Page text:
Well, I went and got a haircut. Here’s what happened…

long

Over the past month, my hair was pretty much out of control. For months before the pandemic, I’d been getting it cut really short — too short to comb — so as it grew out, it grew out kind of weird.

Finally, I recognized it.

Finally, I recognized it.

But it started looking sort of familiar. Finally, I recognized it: Charlton Heston as Moses in “The Ten Commandments!” Too bad people don’t make biblical epics in the 1950s style any more. If they did, it could have been my ticket to stardom, with Heston no longer around.

Anyway, a few days ago, I heard some encouraging news: A friend told me her husband had taken their son to another outlet of the same barber shop chain I go to, and had been impressed by the COVID security — everybody in masks, people not entering the shop until it was their turn, dividers between the chairs.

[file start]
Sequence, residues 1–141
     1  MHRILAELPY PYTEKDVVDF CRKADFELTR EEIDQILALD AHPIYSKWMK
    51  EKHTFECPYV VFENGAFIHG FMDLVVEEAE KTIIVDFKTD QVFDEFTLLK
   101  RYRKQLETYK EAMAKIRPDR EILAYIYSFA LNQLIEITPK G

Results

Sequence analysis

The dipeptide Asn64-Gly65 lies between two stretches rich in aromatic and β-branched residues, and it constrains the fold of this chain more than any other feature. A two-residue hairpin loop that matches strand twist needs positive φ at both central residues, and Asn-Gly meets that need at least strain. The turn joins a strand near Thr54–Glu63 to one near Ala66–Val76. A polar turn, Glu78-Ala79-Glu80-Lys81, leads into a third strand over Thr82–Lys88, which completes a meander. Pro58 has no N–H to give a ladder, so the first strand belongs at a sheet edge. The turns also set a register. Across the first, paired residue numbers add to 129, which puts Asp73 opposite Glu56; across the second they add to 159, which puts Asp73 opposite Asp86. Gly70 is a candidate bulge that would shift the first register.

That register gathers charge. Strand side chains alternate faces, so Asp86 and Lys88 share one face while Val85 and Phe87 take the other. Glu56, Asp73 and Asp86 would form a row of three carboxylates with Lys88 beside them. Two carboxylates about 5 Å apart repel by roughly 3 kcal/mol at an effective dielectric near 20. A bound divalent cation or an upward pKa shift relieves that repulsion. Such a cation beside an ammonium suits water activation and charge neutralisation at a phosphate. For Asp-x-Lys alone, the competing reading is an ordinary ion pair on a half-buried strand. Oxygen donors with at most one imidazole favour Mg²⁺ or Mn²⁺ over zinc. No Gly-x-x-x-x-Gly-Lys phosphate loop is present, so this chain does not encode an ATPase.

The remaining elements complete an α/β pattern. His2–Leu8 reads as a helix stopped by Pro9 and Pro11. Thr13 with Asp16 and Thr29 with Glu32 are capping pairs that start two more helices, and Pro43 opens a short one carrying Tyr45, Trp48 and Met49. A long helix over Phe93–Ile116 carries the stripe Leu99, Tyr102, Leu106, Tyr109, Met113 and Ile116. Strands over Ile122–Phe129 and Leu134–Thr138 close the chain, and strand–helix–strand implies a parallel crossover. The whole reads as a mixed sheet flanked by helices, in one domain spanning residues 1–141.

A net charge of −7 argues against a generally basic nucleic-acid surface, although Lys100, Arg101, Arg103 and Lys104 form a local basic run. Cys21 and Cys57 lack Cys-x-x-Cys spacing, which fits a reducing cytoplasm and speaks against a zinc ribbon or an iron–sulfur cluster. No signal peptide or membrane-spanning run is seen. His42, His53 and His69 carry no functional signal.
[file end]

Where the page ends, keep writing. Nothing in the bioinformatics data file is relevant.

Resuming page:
For the past year, I had been taking my Dad to get haircuts at that chain. It worked for us because we could just go when it was convenient for both of us — no appointment. You sign in on an app before you leave the house, and by the time you get there it’s your turn.

And I had come up with a system that meant it didn’t matter which barber I got — use a No. 4 clipper guard on the sides, and a No. 7 on the top. My haircuts would only take a few minutes, it took almost zero time to wash it in the shower, and I never had to comb it — I just let it lie down kind of like a classical Roman cut. It was veni, vidi, vici — I had the grooming thing beat. Et tu, Brad.